SEC Announces Distribution of $60 Million Fair Fund to MBIA Investors Harmed by Accounting Fraud
The Securities and Exchange Commission today announced the distribution of the $60 million Fair Fund created as part of a settled SEC enforcement action against MBIA Inc. in 2007.
The funds were distributed to approximately 20,000 investors who purchased MBIA's securities from Sept. 11, 1998, through Nov. 22, 2004.
The Sarbanes-Oxley Act of 2002 gave the SEC authority to increase the amount of money returned to injured investors by allowing civil penalties to be included in Fair Fund distributions. Prior to SOX, only disgorgement could be returned to investors.
"The SEC has returned more than $4 billion in Fair Funds to investors since the 2002 passage of the Sarbanes-Oxley Act," said Scott Friestad, Deputy Director of the SEC's Division of Enforcement. "The MBIA Fair Fund is the latest example of our continuing commitment to returning disgorgement and penalties to investors harmed by violations of the securities laws."
James Clarkson, Acting Regional Director of the SEC's New York Regional Office, added, "Returning money to harmed investors is an important part of our function as the investor's advocate, and Fair Fund distributions will continue to be a foremost priority for the Commission."
In its settlement with the SEC, MBIA agreed to pay a penalty of $50 million for distribution through a Fair Fund. The Fair Fund also includes MBIA's payment of $10 million in disgorgement and restitution under an Assurance of Discontinuance entered into by the Office of the Attorney General of the State of New York and MBIA.
Investors can obtain additional information about the distribution process by visiting the Fair Fund Website: www.MBIAfairfundsettlement.com. (Press Rel. 2009-69)
Closed Meeting - Thursday, April 2, 2009 - 2:00 p.m.
The subject matter of the Closed Meeting scheduled for Thursday, April 2, 2009 will be: institution of an injunctive action; institution and settlement of administrative proceedings of an enforcement nature; adjudicatory matters; and other matters relating to enforcement proceedings.
At times, changes in Commission priorities require alterations in the scheduling of meeting items. For further information and to ascertain what, if any, matters have been added, deleted or postponed, please contact: The Office of the Secretary at (202) 551-5400.
Securities and Exchange Commission Settles With Defendant in Delphi Accounting Fraud Case
The Securities and Exchange Commission announced that on March 26, 2009, it settled pending charges against Judith Kudla, the former Director of Finance in the information technology (IT) department of Delphi Corporation (Delphi).
Kudla consented to the entry of an injunction from future violations of Section 17(a) of the Securities Act of 1933 (Securities Act) and Sections 10(b) and 13(b)(5) of the Securities Exchange Act of 1934 (Exchange Act) and Rules 10b-5 and 13b2-1 thereunder, and aiding and abetting violations of Sections 13(a), 13(b)(2)(A) and 13(b)(2)(B) of the Exchange Act and Rules 12b-20 and13a-1 thereunder. Kudla also consented to pay a $30,000 civil money penalty. In settling the Commission's claims, Kudla neither admitted not denied the Commission's allegations. In addition, separately, without admitting or denying the Commission's findings, Kudla consented to the institution of administrative proceedings pursuant to Rule 102(e)(3) of the Commission's Rules of Practice, suspending her from appearing or practicing before the Commission as an accountant, with a right to apply for reinstatement after three years, based on the entry of the injunction.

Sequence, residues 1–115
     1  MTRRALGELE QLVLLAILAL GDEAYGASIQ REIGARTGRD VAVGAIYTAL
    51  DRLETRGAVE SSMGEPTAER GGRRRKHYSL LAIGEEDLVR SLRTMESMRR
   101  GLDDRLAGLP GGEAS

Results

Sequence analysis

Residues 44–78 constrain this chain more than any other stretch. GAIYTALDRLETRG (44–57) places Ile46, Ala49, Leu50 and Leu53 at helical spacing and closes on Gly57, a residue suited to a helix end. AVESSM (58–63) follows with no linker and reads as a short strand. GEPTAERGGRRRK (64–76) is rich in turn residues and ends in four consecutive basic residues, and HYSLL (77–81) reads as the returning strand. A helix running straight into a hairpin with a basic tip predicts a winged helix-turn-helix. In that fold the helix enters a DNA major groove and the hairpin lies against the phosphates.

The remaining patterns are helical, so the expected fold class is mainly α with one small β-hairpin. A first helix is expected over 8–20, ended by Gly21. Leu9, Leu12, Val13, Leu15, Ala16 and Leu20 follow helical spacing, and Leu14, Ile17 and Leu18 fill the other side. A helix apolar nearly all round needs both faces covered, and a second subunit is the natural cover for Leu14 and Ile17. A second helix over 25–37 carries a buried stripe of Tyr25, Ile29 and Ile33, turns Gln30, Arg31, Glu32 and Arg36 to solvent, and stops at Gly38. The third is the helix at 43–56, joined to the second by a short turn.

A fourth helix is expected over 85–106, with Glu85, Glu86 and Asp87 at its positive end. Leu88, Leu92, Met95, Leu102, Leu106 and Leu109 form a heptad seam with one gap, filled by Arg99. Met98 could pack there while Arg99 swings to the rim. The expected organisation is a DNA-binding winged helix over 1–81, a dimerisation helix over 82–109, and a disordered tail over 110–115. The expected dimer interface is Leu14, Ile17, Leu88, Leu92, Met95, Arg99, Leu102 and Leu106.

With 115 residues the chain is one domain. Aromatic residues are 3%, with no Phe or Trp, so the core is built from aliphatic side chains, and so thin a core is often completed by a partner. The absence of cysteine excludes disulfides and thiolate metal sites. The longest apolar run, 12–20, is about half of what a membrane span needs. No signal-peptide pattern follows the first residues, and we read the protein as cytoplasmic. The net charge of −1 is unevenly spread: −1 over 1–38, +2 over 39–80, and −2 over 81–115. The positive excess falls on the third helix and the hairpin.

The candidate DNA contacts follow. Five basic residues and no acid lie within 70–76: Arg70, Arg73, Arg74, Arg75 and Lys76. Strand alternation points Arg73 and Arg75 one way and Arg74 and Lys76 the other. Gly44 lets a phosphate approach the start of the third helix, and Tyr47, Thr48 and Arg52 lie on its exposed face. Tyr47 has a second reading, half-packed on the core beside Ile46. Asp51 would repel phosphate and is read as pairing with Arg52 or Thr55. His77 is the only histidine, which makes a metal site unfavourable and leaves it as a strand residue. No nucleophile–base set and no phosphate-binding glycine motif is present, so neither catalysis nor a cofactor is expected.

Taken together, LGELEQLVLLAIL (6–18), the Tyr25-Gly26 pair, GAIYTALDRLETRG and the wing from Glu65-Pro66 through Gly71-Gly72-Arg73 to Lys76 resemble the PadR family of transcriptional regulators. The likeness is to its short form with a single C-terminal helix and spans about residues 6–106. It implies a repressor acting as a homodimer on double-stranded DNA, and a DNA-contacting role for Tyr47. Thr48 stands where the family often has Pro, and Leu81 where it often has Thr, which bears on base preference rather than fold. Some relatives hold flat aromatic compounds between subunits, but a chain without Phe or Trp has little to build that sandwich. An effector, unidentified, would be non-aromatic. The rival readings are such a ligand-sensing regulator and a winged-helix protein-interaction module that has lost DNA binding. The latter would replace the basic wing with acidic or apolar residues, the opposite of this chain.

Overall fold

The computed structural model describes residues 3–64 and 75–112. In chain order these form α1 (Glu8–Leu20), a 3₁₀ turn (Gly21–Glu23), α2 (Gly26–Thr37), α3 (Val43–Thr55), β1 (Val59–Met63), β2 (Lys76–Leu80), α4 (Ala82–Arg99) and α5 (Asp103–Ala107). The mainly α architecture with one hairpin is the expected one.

The Commission's complaint against Kudla alleged that as a result of her participation in a fraudulent scheme, Delphi filed materially false and misleading financial statements in the company's 2001 Form 10-K. According to the Complaint, Delphi improperly recorded a $20 million payment from an IT company in December 2001, made in connection with a new contract between the IT company and Delphi. The scheme in which Kudla participated was one of four schemes alleged in the Commission's complaint.
The Commission's litigation as to remaining defendants continues. [SEC v. Delphi Corporation, Judith Kudla, et al., 06-CV-14891-AC-SDP (E.D. Mich.)] (LR-20975; AAE Rel. 2955); (Rel. 34-59637; File No. 3-13416; AAE Rel. 2954)
In the Matter of Gary Alan Tanaka
On March 27, 2009, the Commission settled an administrative proceeding previously instituted against Gary Alan Tanaka (Tanaka). In an Order Making Findings and Imposing Remedial Sanctions Pursuant to Section 203(f) of the Investment Advisers Act (Order) instituted on March 27, 2009, the Commission imposed, by consent, a bar against Tanaka from association with any investment adviser pursuant to Section 203(f) of the Advisers Act. The Commission imposed the sanction based on Tanaka's Nov. 19, 2008 criminal conviction, when a jury found Tanaka guilty of 1 count of securities fraud; 1 count of investment adviser fraud; and 1 count of conspiracy to commit securities fraud, investment adviser fraud, wire fraud, mail fraud and money laundering before the United States District Court for the Southern District of New York, in U.S. v. Alberto William Vilar and Gary Alan Tanaka, S3 05 Cr. 621 (RJS).
The Commission's Order included findings that during the relevant period, Tanaka was a person associated with an investment adviser. In addition, the counts of the criminal indictment to which Tanaka was found guilty alleged that Tanaka engaged in a scheme to defraud that involved (a) misappropriation of millions of dollars of investor assets and (b) misrepresentation to investors of how their money was being invested.
In view of these findings, the Commission found it appropriate and in the public interest to impose a bar from association with any investment adviser against Tanaka. Tanaka consented to the entry of the Order without admitting or denying the findings contained in the Order.